WomensLaw is not just for women. We serve and support all survivors, no matter their sex or gender.

Legal Information: Federal

Domestic Violence in the Military

View all
Updated: 
October 9, 2019

What are the major differences between a military protective order and a civilian protection order?

In both the military and civilian justice systems, you can seek a protection order requiring the abuser to stay away from you, your children, your home, your workplace, your school, and to not commit any violent acts against you. Civil protection orders have different names in the various states, but the military protective orders (MPOs) are consistently called that among all the Services. You can have both an MPO and a civil protection order (CPO) at the same time.

However, the procedure for getting an MPO and a CPO and how long the orders may last are quite different in both systems. There is no “due process” for issuing an MPO, which means that the abuser does not have to be served with notice, does not have the right to a hearing, and does not have the right to testify. Therefore, the order is typically short-term. A short-term MPO may be a challenge when the parties share custody of minor children. If you are concerned for the safety of your children while you seek safety from domestic violence, be sure to work with your victim advocate to address this issue. Commanders can tailor MPOs to the specific needs of victims, and they even have the authority to order the service member to not contact your children.

Are MPOs and civil protective orders (CPOs) valid wherever I go?

Whether or not an order is enforceable wherever you go depends on the type of order.

Military Protective Orders

An MPO will not be directly enforced off the installation by civil courts or civilian police. The civilian police may, however, contact the military law enforcement to refer the case to them for further action. Regardless of whether there is a law enforcement response at the time of the incident, it can still be a violation of a command order to violate an MPO off the installation. It is at the commander’s discretion how to discipline a service member for an MPO violation that takes place off of the installation.1 See What can I do if the abuser violates the MPO? for more information.

Civil Protection Orders

A CPO is enforceable on the military installation. According to military rules, service members are supposed to follow a CPO even while on the installation. Commanders and law enforcement officers are supposed to take “all reasonable measures necessary” to ensure that a CPO is given full force and effect on all installations. Active duty service members who fail to follow a CPO may be subject to administrative and/or disciplinary action under the Uniform Code of Military Justice. The civil court judge who issued the CPO can also punish the abuser for a violation of the CPO even if it occurred on base. Also, civilians who violate a CPO, including Department of Defense civilian employees, may be barred from the installation.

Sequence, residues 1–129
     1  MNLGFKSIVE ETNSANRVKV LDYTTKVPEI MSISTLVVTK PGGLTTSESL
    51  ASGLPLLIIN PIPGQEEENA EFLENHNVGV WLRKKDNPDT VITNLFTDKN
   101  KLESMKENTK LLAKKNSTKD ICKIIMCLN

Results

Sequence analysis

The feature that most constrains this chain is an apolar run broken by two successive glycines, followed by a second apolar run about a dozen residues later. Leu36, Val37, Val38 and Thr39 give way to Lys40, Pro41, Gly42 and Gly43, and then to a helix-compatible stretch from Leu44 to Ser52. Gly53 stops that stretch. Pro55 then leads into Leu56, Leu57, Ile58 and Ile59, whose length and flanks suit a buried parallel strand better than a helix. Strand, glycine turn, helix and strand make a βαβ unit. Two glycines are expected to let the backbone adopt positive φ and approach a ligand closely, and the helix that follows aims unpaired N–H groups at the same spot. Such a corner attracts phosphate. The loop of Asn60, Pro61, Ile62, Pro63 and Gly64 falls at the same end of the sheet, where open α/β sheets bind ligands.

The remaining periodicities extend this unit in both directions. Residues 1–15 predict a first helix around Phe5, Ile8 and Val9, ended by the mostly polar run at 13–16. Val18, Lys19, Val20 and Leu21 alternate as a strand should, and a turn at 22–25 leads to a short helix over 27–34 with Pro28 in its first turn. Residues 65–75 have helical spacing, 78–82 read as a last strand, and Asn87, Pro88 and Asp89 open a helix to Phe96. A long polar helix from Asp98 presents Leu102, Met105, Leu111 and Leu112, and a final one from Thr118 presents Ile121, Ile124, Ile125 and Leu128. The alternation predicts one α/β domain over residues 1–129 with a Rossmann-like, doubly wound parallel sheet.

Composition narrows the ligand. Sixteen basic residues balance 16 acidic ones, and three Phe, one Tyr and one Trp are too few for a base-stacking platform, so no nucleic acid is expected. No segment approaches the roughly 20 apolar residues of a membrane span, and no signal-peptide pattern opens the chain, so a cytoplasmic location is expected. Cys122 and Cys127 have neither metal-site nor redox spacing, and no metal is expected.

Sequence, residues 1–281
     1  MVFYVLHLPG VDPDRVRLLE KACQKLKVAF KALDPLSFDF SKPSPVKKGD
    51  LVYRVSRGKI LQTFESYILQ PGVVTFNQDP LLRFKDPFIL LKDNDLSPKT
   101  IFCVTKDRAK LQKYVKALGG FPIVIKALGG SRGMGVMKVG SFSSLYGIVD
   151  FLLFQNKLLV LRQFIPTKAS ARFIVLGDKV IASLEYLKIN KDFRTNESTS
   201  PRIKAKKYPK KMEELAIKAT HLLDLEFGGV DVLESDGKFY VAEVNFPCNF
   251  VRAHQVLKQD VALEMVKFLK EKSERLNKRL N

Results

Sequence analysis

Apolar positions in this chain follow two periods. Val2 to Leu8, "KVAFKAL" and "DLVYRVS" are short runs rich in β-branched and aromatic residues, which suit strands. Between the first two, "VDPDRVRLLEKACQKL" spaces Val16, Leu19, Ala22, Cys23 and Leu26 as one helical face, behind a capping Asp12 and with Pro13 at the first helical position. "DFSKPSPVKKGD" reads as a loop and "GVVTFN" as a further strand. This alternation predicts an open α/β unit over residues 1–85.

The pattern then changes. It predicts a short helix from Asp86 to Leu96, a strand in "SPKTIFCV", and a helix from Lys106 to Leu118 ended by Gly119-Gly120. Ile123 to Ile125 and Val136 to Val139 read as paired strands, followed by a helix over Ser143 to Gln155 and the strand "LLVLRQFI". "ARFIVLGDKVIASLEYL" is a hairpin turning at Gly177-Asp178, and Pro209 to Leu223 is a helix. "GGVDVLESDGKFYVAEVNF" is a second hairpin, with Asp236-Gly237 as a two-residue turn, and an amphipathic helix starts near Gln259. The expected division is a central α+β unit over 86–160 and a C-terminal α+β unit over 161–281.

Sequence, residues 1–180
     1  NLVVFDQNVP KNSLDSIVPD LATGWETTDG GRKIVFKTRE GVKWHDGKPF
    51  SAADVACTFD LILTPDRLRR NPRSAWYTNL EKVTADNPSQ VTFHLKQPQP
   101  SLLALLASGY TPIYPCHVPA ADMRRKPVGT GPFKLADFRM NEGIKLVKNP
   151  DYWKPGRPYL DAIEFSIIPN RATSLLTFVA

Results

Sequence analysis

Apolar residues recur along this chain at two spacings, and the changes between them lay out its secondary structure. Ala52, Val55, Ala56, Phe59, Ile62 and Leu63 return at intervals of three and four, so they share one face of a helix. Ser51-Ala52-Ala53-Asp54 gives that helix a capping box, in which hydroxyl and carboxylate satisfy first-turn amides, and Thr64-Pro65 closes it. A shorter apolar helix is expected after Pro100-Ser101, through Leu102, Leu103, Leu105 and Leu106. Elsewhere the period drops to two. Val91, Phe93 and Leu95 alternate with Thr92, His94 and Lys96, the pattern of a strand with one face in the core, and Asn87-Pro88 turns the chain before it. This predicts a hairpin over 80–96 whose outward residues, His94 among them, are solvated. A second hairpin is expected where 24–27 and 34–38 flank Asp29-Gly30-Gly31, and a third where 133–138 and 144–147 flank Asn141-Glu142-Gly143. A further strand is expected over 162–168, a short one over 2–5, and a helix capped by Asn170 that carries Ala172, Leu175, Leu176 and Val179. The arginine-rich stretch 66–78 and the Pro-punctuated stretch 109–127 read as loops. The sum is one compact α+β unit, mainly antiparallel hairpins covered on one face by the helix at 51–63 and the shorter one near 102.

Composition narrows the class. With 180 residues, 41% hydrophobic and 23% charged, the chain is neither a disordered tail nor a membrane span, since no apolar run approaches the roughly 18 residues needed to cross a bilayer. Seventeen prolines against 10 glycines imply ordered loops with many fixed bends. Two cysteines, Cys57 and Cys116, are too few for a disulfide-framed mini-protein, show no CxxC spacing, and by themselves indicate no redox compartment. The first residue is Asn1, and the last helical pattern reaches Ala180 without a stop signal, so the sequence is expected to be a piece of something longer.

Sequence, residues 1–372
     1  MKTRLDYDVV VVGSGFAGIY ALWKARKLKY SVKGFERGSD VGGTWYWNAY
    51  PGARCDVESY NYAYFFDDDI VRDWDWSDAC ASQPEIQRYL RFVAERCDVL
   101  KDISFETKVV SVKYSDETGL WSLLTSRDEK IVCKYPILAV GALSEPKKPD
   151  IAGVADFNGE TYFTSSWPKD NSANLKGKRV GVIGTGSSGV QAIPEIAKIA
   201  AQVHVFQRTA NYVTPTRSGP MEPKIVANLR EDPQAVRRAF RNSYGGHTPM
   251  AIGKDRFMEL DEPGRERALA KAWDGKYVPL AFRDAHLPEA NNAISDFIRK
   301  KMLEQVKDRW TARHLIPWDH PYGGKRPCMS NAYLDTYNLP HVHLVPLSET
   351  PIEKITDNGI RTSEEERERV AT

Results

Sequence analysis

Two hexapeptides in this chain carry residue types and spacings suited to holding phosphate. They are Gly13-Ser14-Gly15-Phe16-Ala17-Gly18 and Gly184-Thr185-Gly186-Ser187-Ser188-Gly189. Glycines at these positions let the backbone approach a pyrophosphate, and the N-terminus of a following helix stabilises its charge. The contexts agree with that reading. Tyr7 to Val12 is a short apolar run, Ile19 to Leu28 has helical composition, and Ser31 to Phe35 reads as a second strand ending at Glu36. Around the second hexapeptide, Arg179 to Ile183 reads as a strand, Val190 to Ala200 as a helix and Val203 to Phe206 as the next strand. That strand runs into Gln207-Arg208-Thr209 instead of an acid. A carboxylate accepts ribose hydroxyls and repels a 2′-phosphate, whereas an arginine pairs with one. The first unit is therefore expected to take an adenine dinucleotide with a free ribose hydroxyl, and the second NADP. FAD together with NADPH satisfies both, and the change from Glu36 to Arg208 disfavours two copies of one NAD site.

1 Department of Defense Instruction, Number 6400.06, Incorporating Change 4, May 26, 2017

Do I need both an MPO and a civil protective order?

It may be a good idea to try to get both a military protective order (MPO) and a civil protection order (CPO) so that you are protected as much as possible. Many military families live off of the installation. Even those who do live on the installation will frequently leave it to shop, attend school, work, visit friends, or go to restaurants. Given the limitations on MPO enforcement off the installation, and the fact that the MPO cannot limit the purchase of a firearm by the service member, it may be best to consider seeking a civil protection order (CPO) as well as an MPO.

If you already have a CPO, you can still ask for an MPO and vice versa. The terms of an MPO cannot go against (contradict) the terms of a CPO. In fact, an MPO could possibly place more restrictions on the abuser than a CPO. Also, an MPO could apply to the service member even while s/he is overseas, unlike a CPO.1

Victim advocates in the Family Advocacy Program (FAP) and in a local civilian domestic violence agency can both be helpful in explaining the process for applying for a CPO in your area. You can also talk to a lawyer off the installation to see if you are eligible for a CPO and to possibly get representation in the court hearing. For legal referrals, go to our Finding a Lawyer page and enter your state into the drop-down menu. For information on how to prepare for a CPO hearing, go to our Preparing Your Case page.

1 Department of Defense Instruction, Number 6400.06, Incorporating Change 4, May 26, 2017